Reviewed by Jim Napier
Just in time for Christmas, a new novel by Louise Penny for her many fans.
Winter has come to Three Pines, and Armande Gamache finds himself driving along a snow-packed secondary road toward an abandoned farmhouse. He’s been summoned by a cryptic note to a meeting with a man he does not know.
When he arrives Gamache finds two other people have received similar missives. One is Myrna Landers, bookstore owner from the village of Three Pines; the other is a stranger. Benedict Pouliot is a young builder who has travelled from Montreal. They soon learn that they have been jointly named as liquidators of the estate of the late Bertha Baumgartner. But intriguingly, none of them recalls ever knowing her.
Their host is Maître Lucien Mercier, a notary, and son of the man who drafted the terms of the woman’s will. They consider declining the duty, but there is a modest stipend for their work, and as Pouliot says, “What the hell? How bad can it be?”
He’s about to find out. The winter storm they each fought through to get to the meeting has intensified, nearly blocking their efforts to leave the farmhouse, and the maelstrom becomes a metaphor for the turbulent events that will soon engulf them all. Bertha Baumgartner, who in life called herself the Countess, was in fact a cleaning lady, which didn’t stop her from bequeathing to her legatees an estate of nearly twenty million dollars she apparently didn’t have. Was she simply bonkers, or is there more to her tale?
Gamache has other matters on his plate as well. The previous summer a major drugs raid under his direction had met with mixed success. Although the Sûreté had captured the miscreants and seized a large quantity of drugs, a large cache of very dangerous opioids had disappeared. When they hit the streets of Montreal, as they surely will, they will unleash havoc. As a result, the Chief Superintendent has been suspended pending a review of his handling of the affair. Gamache’s son-in-law, Jean-Guy Beauvoir is becoming convinced that the inquiry team is looking for a scapegoat, and has Armande Gamache firmly in its sights.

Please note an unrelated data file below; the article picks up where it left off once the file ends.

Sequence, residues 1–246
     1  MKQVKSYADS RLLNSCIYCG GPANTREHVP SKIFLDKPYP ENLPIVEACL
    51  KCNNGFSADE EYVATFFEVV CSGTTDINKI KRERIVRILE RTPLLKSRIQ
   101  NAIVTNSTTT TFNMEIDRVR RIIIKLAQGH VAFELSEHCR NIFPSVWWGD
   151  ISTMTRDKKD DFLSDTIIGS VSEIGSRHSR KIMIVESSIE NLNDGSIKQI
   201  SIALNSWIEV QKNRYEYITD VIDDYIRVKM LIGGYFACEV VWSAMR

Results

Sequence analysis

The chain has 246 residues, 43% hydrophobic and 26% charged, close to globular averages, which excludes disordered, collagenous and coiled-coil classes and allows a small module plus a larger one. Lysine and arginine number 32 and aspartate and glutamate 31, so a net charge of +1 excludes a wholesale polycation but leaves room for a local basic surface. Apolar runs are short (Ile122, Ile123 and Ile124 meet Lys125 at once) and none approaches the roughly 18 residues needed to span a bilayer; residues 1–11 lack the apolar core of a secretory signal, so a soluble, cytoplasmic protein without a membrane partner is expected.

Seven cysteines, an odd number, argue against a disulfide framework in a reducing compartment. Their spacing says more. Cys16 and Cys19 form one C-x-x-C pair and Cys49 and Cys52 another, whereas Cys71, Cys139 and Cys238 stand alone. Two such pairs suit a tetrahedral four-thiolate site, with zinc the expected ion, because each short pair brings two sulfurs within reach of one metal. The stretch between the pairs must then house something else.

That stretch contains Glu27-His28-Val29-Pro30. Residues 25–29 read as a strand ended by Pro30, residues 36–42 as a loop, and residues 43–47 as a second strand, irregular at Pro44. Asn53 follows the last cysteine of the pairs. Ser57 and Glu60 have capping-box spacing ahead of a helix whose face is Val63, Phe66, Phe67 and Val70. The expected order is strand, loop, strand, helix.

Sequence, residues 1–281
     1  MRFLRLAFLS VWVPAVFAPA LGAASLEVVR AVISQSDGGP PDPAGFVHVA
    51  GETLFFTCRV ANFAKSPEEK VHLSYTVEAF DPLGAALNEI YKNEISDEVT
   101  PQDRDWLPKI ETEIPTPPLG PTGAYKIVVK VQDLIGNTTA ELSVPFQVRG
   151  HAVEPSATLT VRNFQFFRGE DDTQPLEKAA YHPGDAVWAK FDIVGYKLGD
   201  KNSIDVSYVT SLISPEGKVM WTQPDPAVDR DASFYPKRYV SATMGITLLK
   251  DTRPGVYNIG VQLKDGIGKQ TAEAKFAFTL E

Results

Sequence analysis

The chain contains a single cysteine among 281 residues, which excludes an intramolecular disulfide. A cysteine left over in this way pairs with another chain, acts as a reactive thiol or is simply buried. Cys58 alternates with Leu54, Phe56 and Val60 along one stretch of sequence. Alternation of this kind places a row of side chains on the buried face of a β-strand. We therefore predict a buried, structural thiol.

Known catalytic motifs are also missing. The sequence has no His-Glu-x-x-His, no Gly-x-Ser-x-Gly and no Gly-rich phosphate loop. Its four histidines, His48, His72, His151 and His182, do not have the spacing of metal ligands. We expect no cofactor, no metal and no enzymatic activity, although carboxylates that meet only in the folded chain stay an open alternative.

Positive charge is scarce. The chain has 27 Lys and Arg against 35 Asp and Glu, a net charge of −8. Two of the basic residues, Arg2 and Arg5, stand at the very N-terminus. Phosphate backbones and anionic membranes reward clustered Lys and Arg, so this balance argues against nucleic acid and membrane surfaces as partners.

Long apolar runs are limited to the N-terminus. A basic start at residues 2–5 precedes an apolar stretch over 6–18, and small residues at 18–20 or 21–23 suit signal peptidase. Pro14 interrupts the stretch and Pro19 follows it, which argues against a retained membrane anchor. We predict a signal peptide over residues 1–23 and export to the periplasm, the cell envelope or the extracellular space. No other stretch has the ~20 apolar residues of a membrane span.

The usual suspects are front and present, of course; one cannot imagine a Gamache novel without them: Reine-Marie, Clara Morrow, Gabri Dubeau and his partner Olivier, Ruth Zardo, Jean-Guy Beaulieu, and Isabelle Lacoste. There are as well the many succulent delights that are a trademark of Louise Penny’s novels. Nor has Penny lost her gift for creating an ominous brooding narrative, and foreshadowing that both takes her readers aback and compels them to press on with the tale.
With each of her novels Louise Penny continues to grow as a writer.
Kingdom of the Blind is a layered, textured tale that stretches far beyond the confines of Three Pines, and extends well back in time as well. And as it looks forward, it marks out new territory for Armand Gamache and his family. Yet despite all the changes in his life, and the setbacks that seem to put a finish to his career, we are left with the feeling that many more chapters remain in the journey of this formidable man.
Kingdom of the Blind is published by Minotaur Books.
Jim Napier’s book reviews and author interviews have been featured in several Canadian newspapers as well as on various websites including his own award-winning site, http://deadlydiversions.com/ In 2017 he published his own crime novel, LEGACY, and the second in the series, RIDLEY’S WAR, is due to be published in the Spring of 2019. He can be reached firstname.lastname@example.org